I teach courses in modern British fiction, literature and psychoanalysis, and poetry and poetics. The question driving my teaching right now is: what conduces to the feeling of aliveness? Why do good poems and novels seem to draw us close to something we'd call being, and is there a way to talk about this phenomenon in non-fuzzy, theoretical terms? What do poets variously say about the sense of readiness that precedes creation, and how does the adherence to form help to enable this readiness? Finally, in a particular poem or short story, how does the form of the line or the sentence, or the displacement that is metaphor, hold the reader in such a way as to make certain emotional intensities safe? These questions offer occasions for exploring a variety of aesthetic theories, as well as psychoanalytic paradigms ranging from Freudian models to object relations theory and to some suggestive new thinking at the intersection of psychoanalysis and Buddhism.
My current scholarship takes up similar questions in the context of academic life and its rigors and rigidities. I am writing a book on the ways in which professional training in the humanities, conducted with the best of intentions, can thwart the feeling of aliveness by partially dissociating practitioners from their intuitions and their deep affective resources. It is an interesting time for people entering the field of English because just now we are seeing a phase of widespread soul-searching within the discipline, from which new theoretical paradigms and new approaches to the life of the text are emerging.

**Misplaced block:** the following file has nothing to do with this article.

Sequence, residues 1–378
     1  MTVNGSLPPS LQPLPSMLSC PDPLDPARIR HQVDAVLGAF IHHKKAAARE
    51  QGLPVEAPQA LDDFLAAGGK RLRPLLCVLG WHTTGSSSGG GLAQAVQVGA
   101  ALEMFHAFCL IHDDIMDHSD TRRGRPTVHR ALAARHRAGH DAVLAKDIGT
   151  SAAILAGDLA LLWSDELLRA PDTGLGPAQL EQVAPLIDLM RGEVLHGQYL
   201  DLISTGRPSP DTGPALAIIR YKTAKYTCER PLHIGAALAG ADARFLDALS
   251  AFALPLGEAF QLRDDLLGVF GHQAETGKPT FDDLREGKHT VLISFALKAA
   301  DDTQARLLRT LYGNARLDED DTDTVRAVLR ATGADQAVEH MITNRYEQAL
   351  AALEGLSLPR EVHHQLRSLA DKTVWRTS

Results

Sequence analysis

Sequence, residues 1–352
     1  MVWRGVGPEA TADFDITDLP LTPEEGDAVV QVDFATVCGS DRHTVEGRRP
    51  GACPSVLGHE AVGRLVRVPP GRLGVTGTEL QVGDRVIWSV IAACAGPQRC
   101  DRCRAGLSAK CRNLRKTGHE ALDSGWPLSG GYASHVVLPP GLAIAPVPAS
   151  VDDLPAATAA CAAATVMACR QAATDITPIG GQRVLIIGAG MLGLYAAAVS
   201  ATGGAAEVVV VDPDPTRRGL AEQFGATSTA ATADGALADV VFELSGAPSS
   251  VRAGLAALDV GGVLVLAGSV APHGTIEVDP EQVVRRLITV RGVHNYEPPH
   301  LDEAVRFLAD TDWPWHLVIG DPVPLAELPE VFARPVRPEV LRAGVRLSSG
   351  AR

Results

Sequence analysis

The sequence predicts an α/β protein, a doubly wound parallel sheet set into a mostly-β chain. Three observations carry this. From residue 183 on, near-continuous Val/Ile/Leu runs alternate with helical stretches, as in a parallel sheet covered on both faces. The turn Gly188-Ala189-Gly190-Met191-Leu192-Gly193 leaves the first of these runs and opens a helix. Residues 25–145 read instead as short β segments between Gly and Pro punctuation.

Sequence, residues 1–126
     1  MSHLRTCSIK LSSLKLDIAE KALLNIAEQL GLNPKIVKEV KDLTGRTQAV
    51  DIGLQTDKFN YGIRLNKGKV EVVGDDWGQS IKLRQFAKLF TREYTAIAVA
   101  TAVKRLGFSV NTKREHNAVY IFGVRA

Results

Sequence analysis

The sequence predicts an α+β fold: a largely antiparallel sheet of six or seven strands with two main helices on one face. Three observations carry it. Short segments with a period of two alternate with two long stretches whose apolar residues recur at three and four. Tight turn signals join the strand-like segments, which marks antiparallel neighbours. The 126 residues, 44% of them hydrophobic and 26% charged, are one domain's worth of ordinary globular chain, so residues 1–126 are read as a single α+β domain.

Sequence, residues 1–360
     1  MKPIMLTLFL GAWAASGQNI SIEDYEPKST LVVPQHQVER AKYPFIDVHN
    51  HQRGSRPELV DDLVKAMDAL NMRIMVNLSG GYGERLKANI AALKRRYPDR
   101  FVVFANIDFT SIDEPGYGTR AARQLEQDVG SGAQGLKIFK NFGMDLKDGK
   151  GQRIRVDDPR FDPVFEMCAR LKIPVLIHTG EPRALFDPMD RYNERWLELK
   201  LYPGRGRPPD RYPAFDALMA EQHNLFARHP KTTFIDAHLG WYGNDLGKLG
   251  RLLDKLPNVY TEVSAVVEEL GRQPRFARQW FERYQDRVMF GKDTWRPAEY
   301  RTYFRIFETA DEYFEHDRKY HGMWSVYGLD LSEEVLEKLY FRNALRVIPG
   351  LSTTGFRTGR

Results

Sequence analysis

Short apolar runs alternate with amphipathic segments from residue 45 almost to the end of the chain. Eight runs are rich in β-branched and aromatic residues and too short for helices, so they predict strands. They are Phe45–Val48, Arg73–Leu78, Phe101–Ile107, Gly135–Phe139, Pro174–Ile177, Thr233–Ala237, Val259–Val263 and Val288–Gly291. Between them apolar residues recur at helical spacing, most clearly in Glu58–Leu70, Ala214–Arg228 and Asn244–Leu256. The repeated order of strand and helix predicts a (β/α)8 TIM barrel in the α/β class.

- "When Nothing is Cool," The Point Magazine 10 (2015)
- "The Unnamed Work of English," ADE Bulletin 151 (2011)
- "The Artist’s Unfinished Business,” Clio’s Psyche, December 2011
- "The Near Enemy of the Humanities is Professionalism," Chronicle of Higher Education, November 23, 2001, B7-B9
- "Critical Response: Professional Harassment," Critical Inquiry 26 (2000)
- "Stein and Cultural Criticism in the Nineties,” Modern Fiction Studies 42 (1996): 647-61
- Reading Gertrude Stein: Body, Text, Gnosis (Cornell University Press, 1990
2016-17 courses: Autumn 2016, Teaching Undergraduate English (graduate). Winter 2017, Virginia Woolf (undergraduate).
Graduate: Cognitive Approaches to Modernism; Psychoanalytic Interpretation; Authenticity; Poetry and Being; Affect and the Self; Virginia Woolf; Literature and Psychoanalysis.
Undergraduate: Ulysses; Virginia Woolf; Introduction to Poetry; Creative Nonfiction: The Essay.